Background Pre-clinical and clinical studies into new checkpoints as therapeutic targets have raised the possibility that combining immune checkpoint inhibitors or other immunotherapies may be an effective strategy in improving both the response and survival rates. The development of clinically useful biomarkers to select responders for combination therapies will be critical for the advancement of such treatments. Profiling the tumor microenvironment (TME) by assessing spatial relationships and protein co-expression within specific cellular subsets could lead to improved patient stratification of response to these combination therapies. To provide researchers with an end-to-end, automated workflow for the functional evaluation of tumors in the context of patient immunity, we have developed a new single-cell multiplexed staining method.
Methods PhenoCode Signature panels utilize barcode-based antibody labeling chemistry, allowing primary antibodies to be applied as a cocktail in a single incubation step followed by amplified detection using Opal fluorescent dye technology. These panels feature a flexible design component allowing for the easy integration of a novel checkpoint or immune cell marker into a 5-plex panel, resulting in the detection of up to six biomarkers simultaneously on a single tissue section. Human formalin-fixed, paraffin-embedded (FFPE) lung cancer tissues were stained using the PhenoCode Signature panels and DAB. Staining was performed on the Leica BOND RX™ automated stainer. Multispectral imaging was performed on the PhenoImager® platform, and image analysis was performed with a phenotyping algorithm in inForm® software. Intensity analysis was performed in R using Phenoptr and PhenoptrReports.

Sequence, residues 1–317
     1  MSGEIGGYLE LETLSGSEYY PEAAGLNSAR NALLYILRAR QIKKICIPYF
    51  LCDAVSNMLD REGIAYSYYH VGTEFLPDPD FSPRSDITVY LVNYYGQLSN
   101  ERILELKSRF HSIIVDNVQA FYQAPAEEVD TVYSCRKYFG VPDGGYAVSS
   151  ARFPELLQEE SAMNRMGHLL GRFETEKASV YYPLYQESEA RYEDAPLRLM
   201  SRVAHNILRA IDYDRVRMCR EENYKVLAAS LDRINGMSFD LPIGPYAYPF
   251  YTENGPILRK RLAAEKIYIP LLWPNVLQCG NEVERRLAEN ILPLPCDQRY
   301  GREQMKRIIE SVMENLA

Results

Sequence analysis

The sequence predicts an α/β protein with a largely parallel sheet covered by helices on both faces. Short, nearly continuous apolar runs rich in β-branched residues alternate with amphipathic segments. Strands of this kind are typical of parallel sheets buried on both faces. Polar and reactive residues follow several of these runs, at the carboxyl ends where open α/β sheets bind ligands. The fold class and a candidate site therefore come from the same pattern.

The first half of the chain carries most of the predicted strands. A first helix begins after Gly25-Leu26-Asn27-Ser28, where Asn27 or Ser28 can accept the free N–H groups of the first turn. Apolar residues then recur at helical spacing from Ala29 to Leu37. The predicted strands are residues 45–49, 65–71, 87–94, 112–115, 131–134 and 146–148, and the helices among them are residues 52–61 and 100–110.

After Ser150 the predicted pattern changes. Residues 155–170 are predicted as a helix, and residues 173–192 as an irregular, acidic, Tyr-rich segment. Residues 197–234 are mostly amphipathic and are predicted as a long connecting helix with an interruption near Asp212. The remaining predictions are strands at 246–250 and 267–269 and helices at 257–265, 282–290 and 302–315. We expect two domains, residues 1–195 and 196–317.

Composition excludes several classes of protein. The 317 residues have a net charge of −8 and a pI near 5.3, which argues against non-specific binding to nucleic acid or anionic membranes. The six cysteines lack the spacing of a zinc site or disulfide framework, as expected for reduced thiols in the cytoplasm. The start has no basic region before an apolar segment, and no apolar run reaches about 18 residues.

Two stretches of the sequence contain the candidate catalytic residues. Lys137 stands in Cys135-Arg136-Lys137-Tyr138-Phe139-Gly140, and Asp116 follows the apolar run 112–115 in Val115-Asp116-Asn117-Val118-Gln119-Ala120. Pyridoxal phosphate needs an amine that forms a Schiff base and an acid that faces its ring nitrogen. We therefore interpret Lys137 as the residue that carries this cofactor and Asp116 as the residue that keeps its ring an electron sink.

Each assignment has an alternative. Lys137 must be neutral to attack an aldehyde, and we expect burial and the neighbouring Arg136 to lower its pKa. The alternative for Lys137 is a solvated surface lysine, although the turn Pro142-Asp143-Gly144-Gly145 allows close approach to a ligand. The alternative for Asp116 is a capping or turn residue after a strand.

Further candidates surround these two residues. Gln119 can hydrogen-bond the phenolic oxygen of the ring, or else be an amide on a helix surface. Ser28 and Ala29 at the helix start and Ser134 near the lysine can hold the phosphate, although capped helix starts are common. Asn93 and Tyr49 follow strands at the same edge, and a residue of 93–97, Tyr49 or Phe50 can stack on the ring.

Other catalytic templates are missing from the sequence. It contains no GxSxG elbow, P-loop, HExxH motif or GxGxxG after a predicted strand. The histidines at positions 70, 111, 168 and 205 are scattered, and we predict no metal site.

Results Three PhenoCode Signature 6-plex panels were developed and applied to lung cancer samples to help characterize distinct immune landscapes. We demonstrate a fully automated, yet robust and flexible workflow for assessing spatial relationships and profiling the tumor microenvironment. The staining of each marker within the panels qualitatively matches chromogenic DAB staining. High assay reproducibility was demonstrated by both qualitative and quantitative analysis of staining quality. Single markers were substituted from each panel to show the flexibility of the panel design.
Conclusions In this study, we demonstrate the utility of three 6-plex PhenoCode Signature panels for easy and reproducible profiling of the TME. The flexible design component of the panels allows for the substitution of a single biomarker enabling the rapid assessment of additional cell phenotypes. The flexible configuration combined with shortened assay development time are designed to enable researchers to rapidly develop more predictive spatial phenotypic signatures, aiding in the development of more targeted combination immunotherapies
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